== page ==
Andrew Massey, the seventh music director of the Toledo Symphony who brought audiences works across eras and of diverse styles, including those of Beethoven, Mahler, Elgar, and contemporary American composers, died Friday in his Vermont home. He was 72.
His death followed “a long and valiant battle against cancer,” according to a statement issued by Robert Bell, symphony president emeritus, and Zak Vassar, symphony president and chief executive officer.
Mr. Massey became Toledo Symphony music director in 1990. He remained with the orchestra in that role until 2001 and continued on in 2002 as a principal guest conductor.
“In my mind, he really demonstrated what a music director was supposed to be,” said Mr. Vassar, 38, who grew up attending Toledo Symphony concerts under the baton of Mr. Massey. “He shaped that concept for me. I was happy to be in his audience.”
That period in Toledo Symphony history was “a transformative time, establishing the orchestra in a substantive artistic way,” Mr. Bell said.
Mr. Massey and his wife, Sabra, resided in Maumee with their family during his tenure.
He was born in England and studied at Oxford University, where he earned bachelor’s and master’s degrees. He also earned a master’s degree in analysis of contemporary composition techniques from the University of Nottingham.
Mr. Massey emigrated to the United States in 1978 to become the assistant conductor of the Cleveland Orchestra.
“Every music director brings something special. He definitely brought a British flavor,” said Richard Anderson, chairman emeritus of The Andersons and a longtime symphony board member. “The orchestra grew and prospered under that. He was a fine human being. We were close friends.”
The maestro’s many firsts for the Toledo classical music community included performing Benjamin Britten’s “War Requiem” to help commemorate the 50th anniversary of World War II’s end. He also performed Edward Elgar’s massive choral work, “The Dream of Gerontius,” and revived the presentation of large-scale works at Rosary Cathedral with Ludwig van Beethoven’s Ninth Symphony and Hector Berlioz’s “Requiem.”
He was a devotee of the works of Gustav Mahler — his Ohio license plate was “MAHLER” — but also led the orchestra in the music of such contemporary composers as John Adams and Toledo native Stanley Cowell.
“He was eclectic,” Mr. Bell said. “He was a person who was comfortable in every genre. He could do the classics and baroque and the Bach thing. He was committed to contemporary composers — living and those well regarded in the 20th century.”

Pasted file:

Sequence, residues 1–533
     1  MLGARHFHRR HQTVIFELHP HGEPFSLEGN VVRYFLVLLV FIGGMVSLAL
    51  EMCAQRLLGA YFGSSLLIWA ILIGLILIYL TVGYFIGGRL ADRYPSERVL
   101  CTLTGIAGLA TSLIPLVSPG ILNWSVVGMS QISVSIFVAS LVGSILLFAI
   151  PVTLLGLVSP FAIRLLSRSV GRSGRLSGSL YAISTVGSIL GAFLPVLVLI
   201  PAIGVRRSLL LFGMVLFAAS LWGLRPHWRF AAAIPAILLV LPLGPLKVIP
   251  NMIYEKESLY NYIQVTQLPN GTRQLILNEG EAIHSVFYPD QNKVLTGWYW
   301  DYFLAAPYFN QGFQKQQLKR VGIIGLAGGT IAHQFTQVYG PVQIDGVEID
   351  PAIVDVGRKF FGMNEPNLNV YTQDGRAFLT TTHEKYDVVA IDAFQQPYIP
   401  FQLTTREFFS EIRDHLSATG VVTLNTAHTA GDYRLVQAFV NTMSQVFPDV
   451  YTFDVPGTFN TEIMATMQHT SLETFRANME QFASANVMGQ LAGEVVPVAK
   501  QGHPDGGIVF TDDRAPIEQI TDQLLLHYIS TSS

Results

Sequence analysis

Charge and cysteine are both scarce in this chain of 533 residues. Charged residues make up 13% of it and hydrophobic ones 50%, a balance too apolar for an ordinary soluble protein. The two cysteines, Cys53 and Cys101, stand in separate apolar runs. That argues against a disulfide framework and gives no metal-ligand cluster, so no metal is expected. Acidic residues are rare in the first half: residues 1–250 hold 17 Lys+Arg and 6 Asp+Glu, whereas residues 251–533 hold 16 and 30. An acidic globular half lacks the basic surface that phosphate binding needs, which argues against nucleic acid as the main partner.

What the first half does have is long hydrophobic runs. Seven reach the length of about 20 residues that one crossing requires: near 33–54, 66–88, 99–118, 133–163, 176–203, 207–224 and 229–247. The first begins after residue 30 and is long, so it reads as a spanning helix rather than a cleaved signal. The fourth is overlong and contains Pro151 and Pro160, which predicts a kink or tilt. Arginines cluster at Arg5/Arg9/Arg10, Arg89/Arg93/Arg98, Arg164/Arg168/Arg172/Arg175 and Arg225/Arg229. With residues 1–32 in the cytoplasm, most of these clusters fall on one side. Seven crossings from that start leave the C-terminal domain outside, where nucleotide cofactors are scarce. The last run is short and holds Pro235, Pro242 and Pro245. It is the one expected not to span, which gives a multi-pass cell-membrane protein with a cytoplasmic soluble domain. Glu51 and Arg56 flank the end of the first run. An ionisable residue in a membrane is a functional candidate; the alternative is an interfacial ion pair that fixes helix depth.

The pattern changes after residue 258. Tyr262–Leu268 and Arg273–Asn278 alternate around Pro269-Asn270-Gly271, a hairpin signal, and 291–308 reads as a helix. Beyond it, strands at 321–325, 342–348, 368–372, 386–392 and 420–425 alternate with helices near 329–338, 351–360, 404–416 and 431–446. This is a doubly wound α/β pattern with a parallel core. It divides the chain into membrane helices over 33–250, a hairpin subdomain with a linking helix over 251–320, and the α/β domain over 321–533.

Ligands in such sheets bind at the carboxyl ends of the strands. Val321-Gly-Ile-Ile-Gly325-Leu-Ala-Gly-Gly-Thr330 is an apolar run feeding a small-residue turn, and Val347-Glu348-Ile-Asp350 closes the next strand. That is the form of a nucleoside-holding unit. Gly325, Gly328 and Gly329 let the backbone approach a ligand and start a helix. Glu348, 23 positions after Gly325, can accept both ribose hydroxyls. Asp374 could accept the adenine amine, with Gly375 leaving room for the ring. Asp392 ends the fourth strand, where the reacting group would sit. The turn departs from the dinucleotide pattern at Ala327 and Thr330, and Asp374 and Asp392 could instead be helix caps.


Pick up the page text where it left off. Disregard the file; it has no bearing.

Mr. Vassar first heard Mahler’s Third Symphony performed by the orchestra under Mr. Massey.
“It was one of those life-changing moments,” Mr. Vassar said.
Mr. Massey’s interest in lofty, larger-than-life pieces matched his interest in philosophy, Mr. Bell said.
“He was a thoughtful person, a real intellectual, frankly,” Mr. Bell said. “He befriended many people outside the symphony family. He could hold his own in any conversation.”
Mr. Massey encouraged Mr. Vassar as a high school student to take an active role in classical music. And the maestro went out of his way — say, in the aisles of The Andersons general store -— to speak with people about the orchestra and encourage them to attend performances.
“He was really engaged in the community,” Mr. Vassar said. “It wasn’t celebrity he was seeking. It was to be a good community steward of the arts.”
According to Middlebury College in Vermont, where he served as orchestra conductor later in life, Mr. Massey had at times been associate conductor of The San Francisco Symphony and New Orleans Symphony, and a conductor or leader of the Rhode Island Philharmonic, Fresno Philharmonic, Oregon Mozart Players, the Milwaukee Symphony, the Racine Symphony, and the Indonesian National Symphony Orchestra in Jakarta.
He also spent six years as a senior music lecturer at Middlesex University in London, and was once a visiting scholar at Brown University, according to Middlebury.
Mr. Massey was a composer himself, writing pieces for orchestra members.
In a 2002 interview, Mr. Massey said he was leaving Toledo after a decade-plus because he didn’t want to become stale.
“Everyone has his limitations, and I think I have probably done what I can. Someone with a different set of strengths and weaknesses is bound to redress the lopsidedness that inevitably comes from a long tenure,” he said back then. “Ten years is enough in any performing job.”
On July 4, 2002, he became a U.S. citizen, along with 22 others, in a ceremony under Perry's Victory and International Peace Memorial on South Bass Island.
Survivors include his wife, Sabra; son, Sebastian, and daughter, Robin.
Arrangements had not be announced late Friday.
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